The holiday shopping season kicks off this weekend and officials are reminding gift-seekers to not overlook local businesses, especially on Small Business Saturday.

The holiday shopping season kicks off this weekend and officials are reminding gift-seekers to not overlook local businesses, especially on Small Business Saturday.

This shopping holiday, held the Saturday after Thanksgiving, was created in 2010 by American Express as an alternative to Black Friday and Cyber Monday. The initiative shifts the focus from large retail and e-commerce stores to Main Street mom-and-pop businesses.

“Small Business Saturday is a national recognition effort to impress upon consumers to use their local businesses for the holiday shopping season so monies stay local, rather than shopping online or by catalog, where no monies come back to the local economy,” said Karen Duffield, executive director of the Greater Georgetown Chamber of Commerce.

While there is no data available specifically for the First State, Jim Provo, spokesman for the Delaware Small Business Administration, said last year more than 69 million people in the United States shopped locally on Small Business Saturday, spending about $5.5 billion.

“The initiative benefits small businesses in Delaware as well as throughout the country by bringing awareness to the public about shopping small,” Provo said. “I’m not saying anything negative about big box stores; but it’s nice to support small businesses as well. Money spent locally goes right back into the local economy and promotes local jobs.”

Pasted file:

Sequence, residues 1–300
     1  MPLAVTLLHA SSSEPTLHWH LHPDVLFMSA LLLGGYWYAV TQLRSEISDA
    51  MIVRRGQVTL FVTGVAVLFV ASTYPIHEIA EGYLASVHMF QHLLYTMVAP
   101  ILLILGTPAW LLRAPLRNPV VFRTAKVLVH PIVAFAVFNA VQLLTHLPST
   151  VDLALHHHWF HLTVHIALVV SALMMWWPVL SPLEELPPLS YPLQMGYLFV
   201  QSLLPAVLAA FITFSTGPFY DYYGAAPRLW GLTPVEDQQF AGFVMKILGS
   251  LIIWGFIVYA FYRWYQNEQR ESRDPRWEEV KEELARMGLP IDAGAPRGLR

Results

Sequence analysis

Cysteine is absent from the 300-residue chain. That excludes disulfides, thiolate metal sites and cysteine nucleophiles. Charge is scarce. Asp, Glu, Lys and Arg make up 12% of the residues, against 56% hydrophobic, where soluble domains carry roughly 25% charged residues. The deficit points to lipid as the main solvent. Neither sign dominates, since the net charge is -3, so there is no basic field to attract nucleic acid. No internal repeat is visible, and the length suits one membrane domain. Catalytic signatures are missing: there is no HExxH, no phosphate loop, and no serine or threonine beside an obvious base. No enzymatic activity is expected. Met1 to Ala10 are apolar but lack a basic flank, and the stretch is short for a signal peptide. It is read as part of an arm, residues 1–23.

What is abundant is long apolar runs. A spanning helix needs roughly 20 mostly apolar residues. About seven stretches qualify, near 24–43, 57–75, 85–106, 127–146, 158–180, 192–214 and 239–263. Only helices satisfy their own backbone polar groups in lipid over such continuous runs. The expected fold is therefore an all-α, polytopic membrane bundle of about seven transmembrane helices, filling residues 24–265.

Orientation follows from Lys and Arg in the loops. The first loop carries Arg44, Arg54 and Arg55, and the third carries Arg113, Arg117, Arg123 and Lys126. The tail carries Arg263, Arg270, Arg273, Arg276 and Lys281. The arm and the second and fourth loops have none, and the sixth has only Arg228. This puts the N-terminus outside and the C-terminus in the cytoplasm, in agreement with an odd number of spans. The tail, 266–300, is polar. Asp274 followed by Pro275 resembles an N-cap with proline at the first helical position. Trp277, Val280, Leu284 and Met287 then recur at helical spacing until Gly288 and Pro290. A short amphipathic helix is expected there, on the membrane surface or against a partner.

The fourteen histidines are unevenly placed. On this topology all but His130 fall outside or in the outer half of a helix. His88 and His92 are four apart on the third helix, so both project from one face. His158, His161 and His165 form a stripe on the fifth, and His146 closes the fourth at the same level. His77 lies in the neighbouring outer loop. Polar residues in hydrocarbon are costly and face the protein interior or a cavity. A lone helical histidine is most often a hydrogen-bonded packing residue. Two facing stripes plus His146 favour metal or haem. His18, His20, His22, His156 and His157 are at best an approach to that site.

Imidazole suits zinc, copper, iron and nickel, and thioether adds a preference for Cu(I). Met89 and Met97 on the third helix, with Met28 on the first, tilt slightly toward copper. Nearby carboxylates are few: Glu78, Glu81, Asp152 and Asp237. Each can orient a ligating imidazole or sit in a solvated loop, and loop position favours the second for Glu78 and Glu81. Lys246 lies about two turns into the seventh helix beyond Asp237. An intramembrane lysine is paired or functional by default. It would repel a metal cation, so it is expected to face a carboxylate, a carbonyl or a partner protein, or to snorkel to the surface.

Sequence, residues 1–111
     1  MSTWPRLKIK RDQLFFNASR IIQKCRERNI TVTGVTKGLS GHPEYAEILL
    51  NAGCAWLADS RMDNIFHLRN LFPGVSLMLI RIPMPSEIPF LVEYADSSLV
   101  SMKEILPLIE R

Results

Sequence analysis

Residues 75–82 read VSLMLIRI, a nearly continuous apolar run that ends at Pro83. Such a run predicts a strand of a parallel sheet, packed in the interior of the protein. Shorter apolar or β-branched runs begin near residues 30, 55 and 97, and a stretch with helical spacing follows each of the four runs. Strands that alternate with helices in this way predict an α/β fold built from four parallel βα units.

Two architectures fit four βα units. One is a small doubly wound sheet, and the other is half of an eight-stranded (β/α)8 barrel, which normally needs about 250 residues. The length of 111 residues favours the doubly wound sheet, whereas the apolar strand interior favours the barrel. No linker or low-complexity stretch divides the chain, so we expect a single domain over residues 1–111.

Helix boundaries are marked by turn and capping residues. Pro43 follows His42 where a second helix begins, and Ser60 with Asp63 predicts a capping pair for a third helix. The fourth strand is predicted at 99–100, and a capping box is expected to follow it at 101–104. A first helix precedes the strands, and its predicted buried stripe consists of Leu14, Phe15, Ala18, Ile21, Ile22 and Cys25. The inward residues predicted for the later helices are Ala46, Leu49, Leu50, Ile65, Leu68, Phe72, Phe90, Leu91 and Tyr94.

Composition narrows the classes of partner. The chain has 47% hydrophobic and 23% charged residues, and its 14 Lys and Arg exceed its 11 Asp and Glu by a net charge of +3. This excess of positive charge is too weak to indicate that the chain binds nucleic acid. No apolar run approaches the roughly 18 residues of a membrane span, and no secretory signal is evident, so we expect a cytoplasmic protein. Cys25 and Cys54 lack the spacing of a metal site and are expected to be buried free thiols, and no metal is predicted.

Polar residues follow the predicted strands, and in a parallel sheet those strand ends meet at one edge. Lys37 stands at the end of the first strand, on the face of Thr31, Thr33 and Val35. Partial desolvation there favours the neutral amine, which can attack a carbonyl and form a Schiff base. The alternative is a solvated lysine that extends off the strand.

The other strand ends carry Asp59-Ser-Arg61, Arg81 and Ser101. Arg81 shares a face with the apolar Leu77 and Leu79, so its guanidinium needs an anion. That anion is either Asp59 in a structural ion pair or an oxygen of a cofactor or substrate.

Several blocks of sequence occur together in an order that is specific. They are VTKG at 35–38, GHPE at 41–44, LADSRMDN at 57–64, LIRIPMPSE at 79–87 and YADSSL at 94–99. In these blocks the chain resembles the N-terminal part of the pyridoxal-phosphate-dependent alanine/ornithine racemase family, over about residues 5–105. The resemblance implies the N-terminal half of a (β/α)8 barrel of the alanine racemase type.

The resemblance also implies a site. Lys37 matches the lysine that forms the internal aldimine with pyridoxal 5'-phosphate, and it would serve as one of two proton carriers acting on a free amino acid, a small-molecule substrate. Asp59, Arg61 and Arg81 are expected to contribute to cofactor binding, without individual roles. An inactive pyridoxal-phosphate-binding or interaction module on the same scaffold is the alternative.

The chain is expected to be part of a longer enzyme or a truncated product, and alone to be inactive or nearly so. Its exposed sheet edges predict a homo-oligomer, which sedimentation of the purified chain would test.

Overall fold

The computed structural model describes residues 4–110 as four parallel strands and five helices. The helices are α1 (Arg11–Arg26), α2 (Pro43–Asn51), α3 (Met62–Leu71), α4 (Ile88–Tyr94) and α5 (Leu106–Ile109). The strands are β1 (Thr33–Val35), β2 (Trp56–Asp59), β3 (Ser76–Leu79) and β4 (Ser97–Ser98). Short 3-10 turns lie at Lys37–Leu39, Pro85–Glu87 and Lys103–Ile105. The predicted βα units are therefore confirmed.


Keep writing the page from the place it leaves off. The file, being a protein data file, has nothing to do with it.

Julie Wheatley, director of Sussex County Economic Development, said Small Business Saturday provides a more diverse shopping experience.

“You go to the big stores on Black Friday to see what’s out there and if you want something more customized or individualized, you visit the small stores,” Wheatley said. “It’s not that I don’t value our big stores; but when you’re personalizing your gifts it helps to have that local option.”

Many small businesses hold special sales and events for Small Business Saturday; however the initiative has yet to catch on with consumers in central Sussex County.

Donna Koskey, owner of Chardon LTD Jewelers on The Circle in Georgetown, said she will provide refreshments on Nov. 30 and will kick off a half-price, half-carat diamond stud earring set sale. As an American Express client, Koskey said she’s encouraged to participate by the credit card giant. However even though the jewelry store has recognized Small Business Saturday since its inception, Koskey said she has not yet noticed a significant impact on sales for that day.

“It’s such a new project that I can’t really say at this point I can measure an increase,” she said. “I think it should be a few more years before we really see a difference.”

Koskey added that she thinks Small Business Saturday is wonderful and is an absolute great thing for local businesses.

Lisa Sumstine, executive director of the Milton Chamber of Commerce, said the town is still getting its feet wet with the Small Business Saturday concept.

“All of our stores will be open downtown because it’s a big shopping weekend; but we honestly don’t think we’ll see a lot of people,” Sumstine said, adding the town’s small businesses have established their own featured shopping day, the annual Holly Festival, scheduled this year for Dec. 14. Many downtown merchants participate in this event, decorating their stores and selling gifts and holiday treats.

To bolster awareness for Small Business Saturday, Sen. Tom Carper (D-Del.) released a statement last week saying Delaware communities are lucky to have many locally-owned businesses to visit as the holiday shopping season approaches.

“I encourage shoppers to visit their neighborhood small businesses in Delaware every day but especially on Nov. 30, Small Business Saturday,” Carper said. “We need to boost our national economy, but we can’t forget to also lend a hand to main street businesses right here in the First State.”